The Wild Cat keeps on running faster than its two biggest rivals. After growing by 15.3 percent in the first quarter of 2019, its sales leaped forward by 15.7 percent in local currencies during the second quarter, reaching a level of €1,227 million for the period. The growth was broad-based, but the Sportstyle, Motorsport and Golf categories showed the highest growth rates.
The gross margin improved by 0.8 percentage points to 49.3 percent, thanks to a more positive channel and product mix, lower discounts and positive currency impacts. The operating profit rose at a faster rate of 39.4 percent, representing an Ebit margin of 6.5 percent, and the net profit jumped by 59.7 percent to €49.7 million, sending the share price up by more than 6 percent.
Sales in Europe, the Middle East and Africa (EMEA) picked up speed, rising at a currency-neutral rate of 8.4 percent. While the British market remained sluggish, Germany recorded an improvement and France was “okay,” according to Puma's chief executive, Björn Gulden. Retro running styles, chunky sneakers and many other new products fueled the growth. The recent launch of Puma's new Manchester City jerseys was very successful, and it should help keep the momentum in the next quarters.
On the other hand, the Americas passed Europe as the largest region for the company during the second quarter, recording a 22.7 percent increase to €462.8 million, although the rise in local currencies was limited to 19.7 percent. Appealing mainly to male teenagers, Puma's new classic basketball shoes were well received upon their launch in the U.S., opening up more shelf space for the brand in the U.S. market. Sales picked up in Brazil as well.
Asia-Pacific remained the fastest-growing region, with a currency-adjusted rise of 21.6 percent. An increase of about 50 percent in China was partly offset by tougher market conditions for the brand in Japan as well as in Korea, where Puma is gaining traction in the lifestyle segment. Two-thirds of the turnover in China is being generated by the brand's two wholesale partners, which are opening about 100 doors per year. While working also with the big local online marketplaces, Puma is adding 70 of its own stores in China, closing smaller ones in favor of bigger ones.
In general, Puma is tilting toward to a more balanced situation among the three main regions of the world as well as a better balance between footwear and apparel, whose sales went up in the latest quarter by 14.5 percent and by 22.7 percent, respectively, in terms of constant currencies.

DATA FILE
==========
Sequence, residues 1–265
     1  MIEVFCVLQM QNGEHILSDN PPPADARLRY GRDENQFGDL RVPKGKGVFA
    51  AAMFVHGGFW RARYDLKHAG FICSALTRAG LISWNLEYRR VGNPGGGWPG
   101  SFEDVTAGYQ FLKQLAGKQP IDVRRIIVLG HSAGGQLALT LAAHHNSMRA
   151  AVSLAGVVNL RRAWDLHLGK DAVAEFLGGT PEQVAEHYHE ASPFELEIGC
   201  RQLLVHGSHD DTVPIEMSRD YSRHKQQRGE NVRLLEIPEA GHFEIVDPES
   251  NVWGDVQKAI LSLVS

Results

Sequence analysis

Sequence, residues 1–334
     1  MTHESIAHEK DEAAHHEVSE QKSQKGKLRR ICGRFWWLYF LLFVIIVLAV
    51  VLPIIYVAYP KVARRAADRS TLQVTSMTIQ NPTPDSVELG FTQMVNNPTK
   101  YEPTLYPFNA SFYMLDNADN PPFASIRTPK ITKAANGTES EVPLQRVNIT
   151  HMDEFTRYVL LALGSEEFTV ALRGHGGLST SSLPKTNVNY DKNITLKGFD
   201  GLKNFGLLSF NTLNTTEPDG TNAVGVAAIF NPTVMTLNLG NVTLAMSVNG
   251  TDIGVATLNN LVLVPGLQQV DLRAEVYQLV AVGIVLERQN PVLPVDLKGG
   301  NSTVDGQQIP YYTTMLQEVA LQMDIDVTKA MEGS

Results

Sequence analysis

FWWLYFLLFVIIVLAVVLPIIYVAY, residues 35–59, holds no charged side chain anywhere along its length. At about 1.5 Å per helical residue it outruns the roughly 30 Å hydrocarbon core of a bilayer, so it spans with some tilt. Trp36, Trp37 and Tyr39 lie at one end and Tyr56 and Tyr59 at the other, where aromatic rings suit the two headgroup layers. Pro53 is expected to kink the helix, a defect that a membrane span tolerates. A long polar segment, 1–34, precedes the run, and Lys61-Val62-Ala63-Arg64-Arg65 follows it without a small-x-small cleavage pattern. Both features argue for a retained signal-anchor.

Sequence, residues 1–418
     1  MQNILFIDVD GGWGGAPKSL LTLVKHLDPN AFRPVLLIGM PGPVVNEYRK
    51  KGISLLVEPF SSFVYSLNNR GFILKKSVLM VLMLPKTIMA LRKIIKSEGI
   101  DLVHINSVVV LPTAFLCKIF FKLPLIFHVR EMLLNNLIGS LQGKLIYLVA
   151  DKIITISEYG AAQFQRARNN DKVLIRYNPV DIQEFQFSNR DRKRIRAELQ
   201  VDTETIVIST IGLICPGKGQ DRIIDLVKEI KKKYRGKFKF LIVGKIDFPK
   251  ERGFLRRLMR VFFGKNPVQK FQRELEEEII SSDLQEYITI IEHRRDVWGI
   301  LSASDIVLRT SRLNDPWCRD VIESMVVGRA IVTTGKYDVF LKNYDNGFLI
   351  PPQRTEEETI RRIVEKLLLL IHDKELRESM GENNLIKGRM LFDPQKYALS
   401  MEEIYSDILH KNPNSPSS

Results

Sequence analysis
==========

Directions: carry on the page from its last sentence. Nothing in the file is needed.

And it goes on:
Similarly, Puma's management is looking for the right balance between the wholesale and retail channels, including its own full-price stores and outlets, e-commerce and online marketplaces. While following the consumers' shopping habits, it wants to remain a good partner of its wholesale clients. On the other hand, sharing inventories with retailers is leading to higher selling costs.
Thanks in part to higher comparable sales, the company's own retail sales went up by 21.5 percent in local currencies in the latest quarter, representing 23.6 percent of total revenues. The brand continued to invest heavily in its own online business, which grew strongly but remained at a level of between 5.0 and 5.5 percent of sales.
The company's inventories went up by 19.4 percent in the quarter, with up to 7 percent of the volume due to higher forward orders in the expectation of stronger competition among the major sports brands for the available capacities in a rapidly changing sourcing environment. Like them, Puma is continuing to move increasing volumes away from China, but its new partners in countries like Vietnam, Bangladesh and Cambodia are asking it to book capacities one or two months earlier to do business with them at reasonable conditions.
Its prices in the U.S. have remained stable. In view of possible new import duties from China, which would inevitably lead to price increases, Puma is now ordering only about 25 percent of its requirement for the U.S. market from there, compared with more than 50 percent five years ago. As indicated before, it is now manufacturing more apparel in China for the local market, trying to apply the same strategy to footwear.
The good results booked in the first half have led the management to cautiously raise its sales outlook for the full financial year to an increase of 13 percent, compared with a previous forecast of 10 percent. This would imply that the growth in second half could be softer than in the first half, but this will largely depend on reorders and retail sales in the fourth quarter.
The gross margin is still predicted to improve slightly from last year's rate of 48.4 percent. Net earnings will rise significantly as the current forecast for the operating profit is a range of €410 million to €430 million, up from a previous spread of €395-415 million.